Jet aircraft combat in Ace Combat: Assault Horizon has also been given cinematic-style new features, called Dogfight Mode (DFM) and Airstrike Mode (ASM) for dogfight and ground attack respectively.
DFM can be triggered when the pursuing aircraft reaches towards the rear of a target aircraft, which then takes the pursuer directly behind the target and turn into something like a rail shooter, with some of the maneuvering controls simplified for the ease of the shooting part. The one being pursued can still control their aircraft as usual, and can escape the chase by outmaneuvering their opponent, or do a counter maneuver and reverse the tide if conditions are right.
In ASM one finds and enters from one end of a pre-defined attack route, of which then the game somewhat guides the control of the aircraft while the player focuses mostly on attacking ground attacks, which is similar to DFM but for ground.
The new combat features in the game, especially with DFM, causes rather polar views among the players. DFM helps breaking the old dogfight problems of players circling around each other for ages, and is more visually appealing combating opponents up close rather than shooting them far away as tiny planes or even pixels. However, there are complaints on its scripted play at times in singleplayer, as well as it potentially making combat easier due to the guided controls. I too have a bit of grudge with it when there are unexpected bugs encountered during the heat of gameplay, or that some parts just don't feel right at all.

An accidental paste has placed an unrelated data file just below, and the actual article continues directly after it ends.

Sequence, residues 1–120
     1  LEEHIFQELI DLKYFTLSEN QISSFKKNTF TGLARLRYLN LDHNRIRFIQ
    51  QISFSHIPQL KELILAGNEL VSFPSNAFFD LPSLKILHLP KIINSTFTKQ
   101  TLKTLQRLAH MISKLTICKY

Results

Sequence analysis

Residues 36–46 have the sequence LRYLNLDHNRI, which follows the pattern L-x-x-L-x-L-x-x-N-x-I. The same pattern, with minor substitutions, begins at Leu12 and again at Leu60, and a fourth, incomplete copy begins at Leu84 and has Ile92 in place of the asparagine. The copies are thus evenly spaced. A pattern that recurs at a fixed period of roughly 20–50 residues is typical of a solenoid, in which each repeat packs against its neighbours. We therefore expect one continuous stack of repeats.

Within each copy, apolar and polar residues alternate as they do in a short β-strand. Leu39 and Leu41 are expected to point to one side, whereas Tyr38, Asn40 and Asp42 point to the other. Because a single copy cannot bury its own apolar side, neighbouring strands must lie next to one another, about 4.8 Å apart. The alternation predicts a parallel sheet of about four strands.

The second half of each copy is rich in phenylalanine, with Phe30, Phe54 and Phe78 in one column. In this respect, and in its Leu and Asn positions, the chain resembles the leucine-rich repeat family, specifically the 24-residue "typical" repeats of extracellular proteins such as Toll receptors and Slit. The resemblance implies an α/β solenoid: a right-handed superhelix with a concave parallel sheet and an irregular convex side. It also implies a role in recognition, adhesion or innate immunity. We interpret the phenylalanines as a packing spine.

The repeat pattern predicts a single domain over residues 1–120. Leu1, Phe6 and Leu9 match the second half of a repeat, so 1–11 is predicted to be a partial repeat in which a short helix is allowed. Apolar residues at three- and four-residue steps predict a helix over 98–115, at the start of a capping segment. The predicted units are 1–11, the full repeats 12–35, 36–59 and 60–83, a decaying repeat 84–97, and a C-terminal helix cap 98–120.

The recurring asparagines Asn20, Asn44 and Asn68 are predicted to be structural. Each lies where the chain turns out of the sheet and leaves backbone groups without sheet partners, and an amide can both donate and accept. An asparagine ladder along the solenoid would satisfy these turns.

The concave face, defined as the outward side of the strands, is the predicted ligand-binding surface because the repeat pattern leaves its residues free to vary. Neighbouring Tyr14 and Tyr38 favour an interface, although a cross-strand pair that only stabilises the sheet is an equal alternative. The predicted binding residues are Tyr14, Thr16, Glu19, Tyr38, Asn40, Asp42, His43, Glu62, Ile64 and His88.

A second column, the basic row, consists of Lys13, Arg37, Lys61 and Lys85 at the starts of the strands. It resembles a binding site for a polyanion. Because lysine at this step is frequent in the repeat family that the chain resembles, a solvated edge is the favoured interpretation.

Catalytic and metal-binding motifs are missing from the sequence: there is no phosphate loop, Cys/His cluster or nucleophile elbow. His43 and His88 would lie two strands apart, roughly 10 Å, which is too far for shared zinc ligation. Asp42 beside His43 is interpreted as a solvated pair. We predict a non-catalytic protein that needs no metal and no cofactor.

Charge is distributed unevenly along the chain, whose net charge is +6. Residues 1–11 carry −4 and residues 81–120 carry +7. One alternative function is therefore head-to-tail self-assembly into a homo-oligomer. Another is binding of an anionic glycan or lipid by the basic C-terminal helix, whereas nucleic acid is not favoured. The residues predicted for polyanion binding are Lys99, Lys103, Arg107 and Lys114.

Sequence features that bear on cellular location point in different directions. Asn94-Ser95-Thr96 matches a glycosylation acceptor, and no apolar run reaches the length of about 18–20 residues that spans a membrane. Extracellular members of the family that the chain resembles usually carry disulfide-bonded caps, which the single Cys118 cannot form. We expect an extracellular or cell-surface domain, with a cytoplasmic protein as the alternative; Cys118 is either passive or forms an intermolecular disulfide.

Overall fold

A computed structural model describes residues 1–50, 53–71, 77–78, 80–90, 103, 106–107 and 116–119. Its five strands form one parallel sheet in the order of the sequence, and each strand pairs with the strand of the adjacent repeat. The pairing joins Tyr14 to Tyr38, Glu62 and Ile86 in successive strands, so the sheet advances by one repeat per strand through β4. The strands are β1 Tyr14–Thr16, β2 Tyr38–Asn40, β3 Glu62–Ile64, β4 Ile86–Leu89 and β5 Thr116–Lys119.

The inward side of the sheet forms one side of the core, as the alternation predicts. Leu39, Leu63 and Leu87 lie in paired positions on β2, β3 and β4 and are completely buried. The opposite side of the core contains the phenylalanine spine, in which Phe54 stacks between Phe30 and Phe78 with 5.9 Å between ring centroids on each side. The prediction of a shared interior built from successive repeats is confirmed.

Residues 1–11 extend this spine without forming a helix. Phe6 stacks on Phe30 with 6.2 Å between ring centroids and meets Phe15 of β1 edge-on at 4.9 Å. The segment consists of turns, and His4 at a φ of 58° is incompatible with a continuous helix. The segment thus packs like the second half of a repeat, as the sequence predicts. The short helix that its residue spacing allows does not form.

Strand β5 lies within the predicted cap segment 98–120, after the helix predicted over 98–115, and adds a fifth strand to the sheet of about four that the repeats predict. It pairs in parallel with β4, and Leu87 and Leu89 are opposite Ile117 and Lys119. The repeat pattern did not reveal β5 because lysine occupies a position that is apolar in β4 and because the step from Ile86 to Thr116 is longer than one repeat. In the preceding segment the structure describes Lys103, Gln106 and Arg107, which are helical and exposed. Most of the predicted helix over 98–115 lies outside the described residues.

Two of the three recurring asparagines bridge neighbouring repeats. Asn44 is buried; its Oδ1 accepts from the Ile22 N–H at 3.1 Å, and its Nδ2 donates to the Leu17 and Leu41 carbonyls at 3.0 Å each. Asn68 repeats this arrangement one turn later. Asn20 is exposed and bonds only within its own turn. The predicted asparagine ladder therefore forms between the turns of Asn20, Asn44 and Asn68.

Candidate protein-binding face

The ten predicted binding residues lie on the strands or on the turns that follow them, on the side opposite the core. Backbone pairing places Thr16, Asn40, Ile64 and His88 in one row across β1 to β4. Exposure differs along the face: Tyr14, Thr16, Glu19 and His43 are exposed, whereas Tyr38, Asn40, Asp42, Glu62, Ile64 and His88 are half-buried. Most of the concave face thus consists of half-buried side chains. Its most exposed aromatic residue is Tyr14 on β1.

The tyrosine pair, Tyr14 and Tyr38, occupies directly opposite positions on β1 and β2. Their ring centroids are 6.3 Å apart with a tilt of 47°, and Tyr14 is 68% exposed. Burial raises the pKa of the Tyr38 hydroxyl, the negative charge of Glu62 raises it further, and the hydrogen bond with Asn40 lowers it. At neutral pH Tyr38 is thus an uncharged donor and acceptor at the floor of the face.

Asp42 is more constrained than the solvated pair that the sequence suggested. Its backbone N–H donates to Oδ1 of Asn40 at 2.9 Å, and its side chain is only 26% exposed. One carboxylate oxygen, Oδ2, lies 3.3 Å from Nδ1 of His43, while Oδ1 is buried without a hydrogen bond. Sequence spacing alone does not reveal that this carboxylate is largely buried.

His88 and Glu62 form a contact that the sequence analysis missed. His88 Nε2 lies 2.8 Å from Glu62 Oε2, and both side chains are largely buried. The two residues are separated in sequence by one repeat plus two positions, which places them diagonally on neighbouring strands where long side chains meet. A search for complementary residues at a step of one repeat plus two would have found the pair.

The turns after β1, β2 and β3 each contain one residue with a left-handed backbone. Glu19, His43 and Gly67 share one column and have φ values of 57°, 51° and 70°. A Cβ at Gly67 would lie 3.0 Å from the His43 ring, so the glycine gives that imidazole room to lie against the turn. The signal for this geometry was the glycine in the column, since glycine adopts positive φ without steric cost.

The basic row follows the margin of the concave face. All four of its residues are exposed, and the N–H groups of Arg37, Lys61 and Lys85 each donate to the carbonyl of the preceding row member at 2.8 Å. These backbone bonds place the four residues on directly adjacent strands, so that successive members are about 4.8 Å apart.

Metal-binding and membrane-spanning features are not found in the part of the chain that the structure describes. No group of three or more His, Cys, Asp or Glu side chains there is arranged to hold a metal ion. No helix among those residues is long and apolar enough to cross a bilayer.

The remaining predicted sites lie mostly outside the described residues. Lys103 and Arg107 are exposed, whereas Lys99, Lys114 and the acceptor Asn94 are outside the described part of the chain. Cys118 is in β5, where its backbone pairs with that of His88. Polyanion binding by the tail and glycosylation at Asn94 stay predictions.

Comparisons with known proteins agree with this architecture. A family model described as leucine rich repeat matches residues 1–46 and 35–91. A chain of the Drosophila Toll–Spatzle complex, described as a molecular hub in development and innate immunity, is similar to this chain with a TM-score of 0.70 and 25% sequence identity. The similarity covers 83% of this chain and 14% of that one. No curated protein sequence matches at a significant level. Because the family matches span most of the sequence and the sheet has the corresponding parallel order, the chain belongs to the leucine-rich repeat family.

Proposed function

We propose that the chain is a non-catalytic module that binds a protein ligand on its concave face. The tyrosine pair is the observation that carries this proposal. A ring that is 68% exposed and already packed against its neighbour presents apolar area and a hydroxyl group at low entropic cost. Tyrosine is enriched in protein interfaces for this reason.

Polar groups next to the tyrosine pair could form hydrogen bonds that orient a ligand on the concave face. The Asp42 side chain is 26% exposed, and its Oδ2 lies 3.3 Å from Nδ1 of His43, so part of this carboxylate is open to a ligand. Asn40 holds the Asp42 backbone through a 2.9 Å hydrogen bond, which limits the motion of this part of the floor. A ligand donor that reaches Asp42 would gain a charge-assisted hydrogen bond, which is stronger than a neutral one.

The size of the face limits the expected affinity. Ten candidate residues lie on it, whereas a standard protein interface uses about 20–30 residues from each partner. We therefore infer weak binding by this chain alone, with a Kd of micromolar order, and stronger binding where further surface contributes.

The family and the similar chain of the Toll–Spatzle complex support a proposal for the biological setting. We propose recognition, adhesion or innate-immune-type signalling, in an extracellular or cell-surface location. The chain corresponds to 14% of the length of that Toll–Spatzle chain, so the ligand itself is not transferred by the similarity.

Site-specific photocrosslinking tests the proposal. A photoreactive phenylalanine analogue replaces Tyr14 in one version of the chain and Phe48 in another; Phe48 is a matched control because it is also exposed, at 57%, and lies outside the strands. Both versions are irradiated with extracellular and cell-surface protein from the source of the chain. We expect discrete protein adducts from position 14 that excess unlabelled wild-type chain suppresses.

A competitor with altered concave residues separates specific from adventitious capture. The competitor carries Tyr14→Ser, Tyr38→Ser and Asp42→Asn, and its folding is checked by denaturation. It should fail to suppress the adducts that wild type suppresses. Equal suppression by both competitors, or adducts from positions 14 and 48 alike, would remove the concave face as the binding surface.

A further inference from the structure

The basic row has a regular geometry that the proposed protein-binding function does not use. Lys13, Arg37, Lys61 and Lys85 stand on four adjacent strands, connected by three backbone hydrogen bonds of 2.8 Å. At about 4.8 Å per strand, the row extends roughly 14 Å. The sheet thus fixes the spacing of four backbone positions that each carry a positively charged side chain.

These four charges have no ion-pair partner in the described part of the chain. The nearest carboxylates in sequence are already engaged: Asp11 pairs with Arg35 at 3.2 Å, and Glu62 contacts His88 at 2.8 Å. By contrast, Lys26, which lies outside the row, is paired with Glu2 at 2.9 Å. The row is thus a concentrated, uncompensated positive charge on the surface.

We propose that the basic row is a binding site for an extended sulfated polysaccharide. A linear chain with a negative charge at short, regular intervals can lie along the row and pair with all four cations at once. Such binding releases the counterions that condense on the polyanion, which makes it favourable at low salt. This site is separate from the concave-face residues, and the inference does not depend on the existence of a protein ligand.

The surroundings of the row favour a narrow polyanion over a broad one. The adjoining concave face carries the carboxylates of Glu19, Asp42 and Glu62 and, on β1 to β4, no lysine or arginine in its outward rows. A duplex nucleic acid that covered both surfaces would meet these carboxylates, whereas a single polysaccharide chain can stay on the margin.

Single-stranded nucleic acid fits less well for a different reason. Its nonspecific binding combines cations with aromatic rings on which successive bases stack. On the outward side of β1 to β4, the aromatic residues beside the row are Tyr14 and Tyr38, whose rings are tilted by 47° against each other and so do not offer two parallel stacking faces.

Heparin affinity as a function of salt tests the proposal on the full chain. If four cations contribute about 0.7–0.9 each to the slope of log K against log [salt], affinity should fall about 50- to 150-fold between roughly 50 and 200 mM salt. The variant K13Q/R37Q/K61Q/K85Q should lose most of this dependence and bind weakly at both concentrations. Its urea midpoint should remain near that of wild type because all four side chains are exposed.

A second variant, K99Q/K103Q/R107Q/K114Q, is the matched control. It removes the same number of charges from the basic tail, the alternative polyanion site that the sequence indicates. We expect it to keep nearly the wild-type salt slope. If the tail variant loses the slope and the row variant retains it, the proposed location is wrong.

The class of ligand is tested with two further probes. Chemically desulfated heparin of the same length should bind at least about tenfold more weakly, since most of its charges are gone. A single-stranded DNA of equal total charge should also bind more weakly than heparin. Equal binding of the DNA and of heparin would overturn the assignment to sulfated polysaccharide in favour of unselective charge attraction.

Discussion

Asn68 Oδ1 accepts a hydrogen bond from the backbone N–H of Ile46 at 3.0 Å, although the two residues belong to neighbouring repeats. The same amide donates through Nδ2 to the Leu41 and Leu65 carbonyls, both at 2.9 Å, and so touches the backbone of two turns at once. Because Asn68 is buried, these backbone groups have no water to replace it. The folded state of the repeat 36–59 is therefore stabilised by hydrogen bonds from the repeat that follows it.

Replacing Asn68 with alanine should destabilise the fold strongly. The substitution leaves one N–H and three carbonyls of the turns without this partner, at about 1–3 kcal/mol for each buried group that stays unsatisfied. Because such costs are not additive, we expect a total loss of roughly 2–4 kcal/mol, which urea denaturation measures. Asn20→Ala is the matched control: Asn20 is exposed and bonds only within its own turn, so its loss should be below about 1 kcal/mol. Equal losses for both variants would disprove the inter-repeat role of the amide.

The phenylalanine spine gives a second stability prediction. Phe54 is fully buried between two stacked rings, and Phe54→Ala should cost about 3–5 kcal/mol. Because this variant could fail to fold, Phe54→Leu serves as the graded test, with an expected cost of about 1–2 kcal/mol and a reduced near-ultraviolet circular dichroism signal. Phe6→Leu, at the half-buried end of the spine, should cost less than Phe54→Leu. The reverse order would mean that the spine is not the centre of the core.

The multiplayer aspect is a little better received, especially for the competitive play. Apart from the typical deathmatch and area control domination mode, the capital conquest is the most popular online game mode, focusing players to destroy the enemies' headquarter while defending their own over real cities such as Washington DC and Moscow. Co-op mode features 8 missions in singleplayer for up to 3 players, but otherwise nothing terribly new from the singleplayer perspective (which is a pity since I really like co-operative gaming).
There are other tidbits that are not critical, but would help making the game experience a bit more appreciating. The lack of mission briefings and debriefings made story progression seem a little disconnected and jumpy, and the absence of free flight mode is a pity as it would be to fly in a plane you want appreciating the real world landscapes. The custom aircraft colouring is a nice addition though, if you like colouring your plane to your own liking, or even making it bright pink and shooting missiles with green smoke trails (if you really want to).
Overall, Ace Combat: Assault Horizon feels more like a spinoff from the rest of its series due to the addition of new features and the lack of some of the recurring ones. If you are new to the series, the game may be worth trying out, but those who are used to the older Ace Combat games may find it rather... Different and perhaps not very "Ace Combat". It's not surprising that some people call this game "Call of Duty: Modern Combat for Ace Combat".
Oh, and last but not least, Happy Halloween!